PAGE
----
Being aware of what's going on in the education world and how this affects teachers is a great way of showing commitment at your teaching, NQT or teacher training interview

It's not possible to predict all future educational issues, or know every detail of the sector's current situation, but in the process of applying for teacher training some research will go a long way in demonstrating your enthusiasm and impressing potential employers.

Why you need to be aware of educational issues

Recruiters are looking to see how much you're engaging with current issues and are aware of the challenges that these place on a school. Your answers can reveal if you are genuinely interested in education, schools and the world of teaching.

Do some research to find studies or statistics to back up any ideas you have. Download a news app and get into the habit of checking the education section regularly. Having some recent evidence you can refer to in your interview will impress your interviewer.

You don't need to know everything, as there are far too many issues to discuss at length in such a short space of time. Aim to be knowledgeable in three areas, particularly those that relate to your curriculum area or age range.

Examples of current educational issues

Technology and education

  • What lessons have teachers and schools learned about delivering courses successfully online?
  • What are the risk factors involved in online learning?
  • Do all children have access to appropriate devices?
  • What are the risks of children having open access to the internet?
  • Is engagement with learning the same for all users?

Government policies and spending

  • How is the government responding to increasing pupil numbers? How does this response impact teacher recruitment and the overcapacity of secondary schools?
  • What do budget cuts mean for pupils and teachers?

Assessment and attainment

  • How has the new GCSE grading system impacted learning?
  • How accurate are SATs results for primary schools? Is placing this level of pressure on children a viable way of testing intelligence?

You should also familiarise yourself with the nature of the exam system and global trends in attainment.

School reform

  • What are your views on all schools becoming academies?
  • How successful are Free Schools?
  • What is the curriculum and how is it taught?
  • What do you know about school funding reform?

Health and child development

  • How can we better support pupils' mental health?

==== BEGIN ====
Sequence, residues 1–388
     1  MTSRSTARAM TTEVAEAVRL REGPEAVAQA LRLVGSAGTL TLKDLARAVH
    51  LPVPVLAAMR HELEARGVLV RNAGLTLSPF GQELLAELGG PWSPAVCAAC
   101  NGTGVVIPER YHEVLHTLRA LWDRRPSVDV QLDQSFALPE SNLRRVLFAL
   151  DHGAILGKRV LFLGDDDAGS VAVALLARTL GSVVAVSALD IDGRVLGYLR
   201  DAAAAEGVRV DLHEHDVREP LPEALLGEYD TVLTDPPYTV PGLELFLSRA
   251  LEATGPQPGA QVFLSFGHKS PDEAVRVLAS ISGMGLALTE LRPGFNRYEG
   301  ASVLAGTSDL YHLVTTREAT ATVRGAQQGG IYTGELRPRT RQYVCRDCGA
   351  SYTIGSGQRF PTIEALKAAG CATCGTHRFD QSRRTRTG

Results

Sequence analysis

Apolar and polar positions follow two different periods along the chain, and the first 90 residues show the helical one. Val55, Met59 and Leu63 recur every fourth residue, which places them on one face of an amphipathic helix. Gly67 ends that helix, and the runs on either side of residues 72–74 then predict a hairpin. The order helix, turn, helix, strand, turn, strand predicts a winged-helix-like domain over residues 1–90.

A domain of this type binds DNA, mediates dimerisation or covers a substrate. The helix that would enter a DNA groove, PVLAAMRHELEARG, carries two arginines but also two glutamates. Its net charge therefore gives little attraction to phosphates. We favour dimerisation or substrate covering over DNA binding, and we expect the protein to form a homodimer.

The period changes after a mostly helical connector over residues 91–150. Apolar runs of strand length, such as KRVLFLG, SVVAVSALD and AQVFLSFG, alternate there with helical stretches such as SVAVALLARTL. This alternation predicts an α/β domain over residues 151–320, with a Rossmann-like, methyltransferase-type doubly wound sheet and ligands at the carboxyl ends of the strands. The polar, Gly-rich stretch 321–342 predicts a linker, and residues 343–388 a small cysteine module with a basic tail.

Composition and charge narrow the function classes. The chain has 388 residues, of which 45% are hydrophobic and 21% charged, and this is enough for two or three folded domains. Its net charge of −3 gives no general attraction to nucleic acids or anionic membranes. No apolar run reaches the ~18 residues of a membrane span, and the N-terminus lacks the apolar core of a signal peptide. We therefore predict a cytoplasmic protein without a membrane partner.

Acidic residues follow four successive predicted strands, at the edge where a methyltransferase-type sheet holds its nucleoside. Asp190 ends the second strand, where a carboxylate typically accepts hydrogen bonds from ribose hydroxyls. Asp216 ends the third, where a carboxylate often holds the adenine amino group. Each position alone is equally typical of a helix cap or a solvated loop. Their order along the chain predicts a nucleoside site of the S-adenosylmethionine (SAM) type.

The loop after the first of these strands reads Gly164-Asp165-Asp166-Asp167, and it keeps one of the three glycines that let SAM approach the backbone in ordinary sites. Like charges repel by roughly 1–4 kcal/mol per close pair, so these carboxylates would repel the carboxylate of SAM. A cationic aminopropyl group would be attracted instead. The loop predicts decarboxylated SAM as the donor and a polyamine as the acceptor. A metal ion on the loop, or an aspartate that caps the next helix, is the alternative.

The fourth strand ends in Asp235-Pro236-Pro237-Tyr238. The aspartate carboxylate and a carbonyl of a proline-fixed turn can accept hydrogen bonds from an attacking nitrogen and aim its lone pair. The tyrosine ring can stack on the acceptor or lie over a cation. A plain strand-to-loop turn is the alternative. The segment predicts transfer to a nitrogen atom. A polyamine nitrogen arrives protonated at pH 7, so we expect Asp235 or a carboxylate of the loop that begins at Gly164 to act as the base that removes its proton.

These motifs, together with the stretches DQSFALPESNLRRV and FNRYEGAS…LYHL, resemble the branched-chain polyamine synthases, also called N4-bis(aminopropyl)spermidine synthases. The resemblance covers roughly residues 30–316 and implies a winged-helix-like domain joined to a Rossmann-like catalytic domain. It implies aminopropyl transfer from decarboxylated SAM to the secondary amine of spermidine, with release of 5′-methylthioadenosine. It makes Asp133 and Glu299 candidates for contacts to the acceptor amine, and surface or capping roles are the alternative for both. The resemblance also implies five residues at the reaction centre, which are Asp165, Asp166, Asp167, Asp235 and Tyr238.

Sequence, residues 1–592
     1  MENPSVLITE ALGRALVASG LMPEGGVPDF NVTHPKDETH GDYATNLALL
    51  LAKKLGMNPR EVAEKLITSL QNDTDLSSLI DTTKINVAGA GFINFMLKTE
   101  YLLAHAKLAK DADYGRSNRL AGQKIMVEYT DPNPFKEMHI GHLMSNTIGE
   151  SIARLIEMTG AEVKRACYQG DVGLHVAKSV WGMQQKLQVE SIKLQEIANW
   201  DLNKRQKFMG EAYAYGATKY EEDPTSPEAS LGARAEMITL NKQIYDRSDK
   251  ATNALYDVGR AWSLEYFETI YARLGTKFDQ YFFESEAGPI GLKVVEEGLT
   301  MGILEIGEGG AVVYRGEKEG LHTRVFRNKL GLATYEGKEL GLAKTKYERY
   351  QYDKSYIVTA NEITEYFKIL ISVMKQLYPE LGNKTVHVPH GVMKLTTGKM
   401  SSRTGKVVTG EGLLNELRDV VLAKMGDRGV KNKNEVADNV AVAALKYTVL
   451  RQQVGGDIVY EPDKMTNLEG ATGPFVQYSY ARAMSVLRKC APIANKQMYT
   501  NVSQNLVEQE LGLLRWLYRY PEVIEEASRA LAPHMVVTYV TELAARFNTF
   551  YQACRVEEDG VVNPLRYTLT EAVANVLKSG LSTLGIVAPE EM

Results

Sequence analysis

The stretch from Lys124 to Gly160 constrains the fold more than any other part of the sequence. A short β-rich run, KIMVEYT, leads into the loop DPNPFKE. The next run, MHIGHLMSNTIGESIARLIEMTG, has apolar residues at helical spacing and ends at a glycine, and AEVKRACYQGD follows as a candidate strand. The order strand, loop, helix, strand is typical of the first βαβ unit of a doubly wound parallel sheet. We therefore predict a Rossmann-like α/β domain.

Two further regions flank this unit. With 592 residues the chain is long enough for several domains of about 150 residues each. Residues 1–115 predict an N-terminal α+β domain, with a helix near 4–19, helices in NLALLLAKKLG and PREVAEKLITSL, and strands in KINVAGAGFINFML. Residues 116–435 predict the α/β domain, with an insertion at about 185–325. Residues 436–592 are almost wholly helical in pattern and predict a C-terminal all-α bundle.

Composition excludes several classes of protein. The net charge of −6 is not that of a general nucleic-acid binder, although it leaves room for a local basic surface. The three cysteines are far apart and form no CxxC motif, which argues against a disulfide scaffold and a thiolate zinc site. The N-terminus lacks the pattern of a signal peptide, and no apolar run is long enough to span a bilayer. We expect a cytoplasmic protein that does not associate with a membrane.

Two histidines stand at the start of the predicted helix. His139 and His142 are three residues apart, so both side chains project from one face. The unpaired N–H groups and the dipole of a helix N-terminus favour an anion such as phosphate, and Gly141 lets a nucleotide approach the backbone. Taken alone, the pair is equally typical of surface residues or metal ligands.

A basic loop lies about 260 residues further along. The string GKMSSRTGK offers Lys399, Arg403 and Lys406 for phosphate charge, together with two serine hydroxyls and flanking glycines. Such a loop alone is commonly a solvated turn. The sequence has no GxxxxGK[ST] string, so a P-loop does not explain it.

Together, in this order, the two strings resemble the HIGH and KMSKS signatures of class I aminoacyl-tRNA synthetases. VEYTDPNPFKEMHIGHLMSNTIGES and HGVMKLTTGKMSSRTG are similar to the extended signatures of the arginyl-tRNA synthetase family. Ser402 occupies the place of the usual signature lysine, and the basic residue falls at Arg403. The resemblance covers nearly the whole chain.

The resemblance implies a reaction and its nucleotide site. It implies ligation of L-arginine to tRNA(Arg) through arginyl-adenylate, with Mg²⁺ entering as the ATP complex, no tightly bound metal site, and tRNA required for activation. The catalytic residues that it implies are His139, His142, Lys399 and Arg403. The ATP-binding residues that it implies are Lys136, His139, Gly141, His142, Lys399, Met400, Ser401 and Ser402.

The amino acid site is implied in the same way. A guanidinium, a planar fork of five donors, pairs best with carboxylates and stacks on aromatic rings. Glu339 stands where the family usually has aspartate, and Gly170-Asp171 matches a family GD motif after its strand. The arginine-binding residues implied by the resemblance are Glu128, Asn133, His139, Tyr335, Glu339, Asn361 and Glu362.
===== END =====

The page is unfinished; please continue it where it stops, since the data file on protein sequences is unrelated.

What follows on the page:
Education and the curriculum

  • How important are arts and drama education in secondary schools?
  • How much early years education should be provided for free?
  • What are your views on the flipped classroom?
  • Has inclusion been impacted by Brexit? How does this impact citizenship education and exploring British values?
  • What is your approach to mainstream education for deaf and hard of hearing students?

How to find the latest issues in education

When you're researching facts to back up your answers, make sure you go to reliable sources. Not everything online is true, so good evidence - such as government statistics - is vital.

Discussing educational issues in your teaching interview

You may have a question around recent education trends, current issues or new methodologies in education. In your interview you may be asked to create a presentation on current issues in education or asked a question around current issues in schools and in the media. Relate your answers back to the classroom - start with, 'when I was in the classroom, I noticed…' or 'in the staffroom, I heard teachers talk about...'. Take a look at what other teaching interview questions you may be asked.

If you aren't asked about issues in education, it's still a good idea to refer to relevant topics in your group interview or at some time in the recruitment process.

When you're in a teaching or newly qualified teacher (NQT) interview, the questions are generally more specific. There may be a question around your subject or age range, such as 'What are the important developments in science education?' Heads and governors will be looking for references to current educational issues and how these relate to their school. For example, if in a secondary teaching interview you were asked 'How would you support weaker pupils in your classroom?' you could refer to scaffolding techniques or the chunking method as a part of your answer.

Make sure that your answers are natural, not contrived and relate to the school or organisation that is interviewing you. It's worth finding out as much about the school as possible through your pre-visit, its website, prospectus, Ofsted reports and school development plan. Talk about solutions to some of the current challenges the school is facing, from your own knowledge and with examples of other practice you have seen.

It helps to get used to talking about issues in education with stakeholders, pupils, teachers, governors and parents. If you do this, you'll have more informed thoughts and opinions and a broader knowledge of the topics.

Find out more

How would you rate this page?

On a scale where 1 is dislike and 5 is like

success feedback

Thank you for rating the page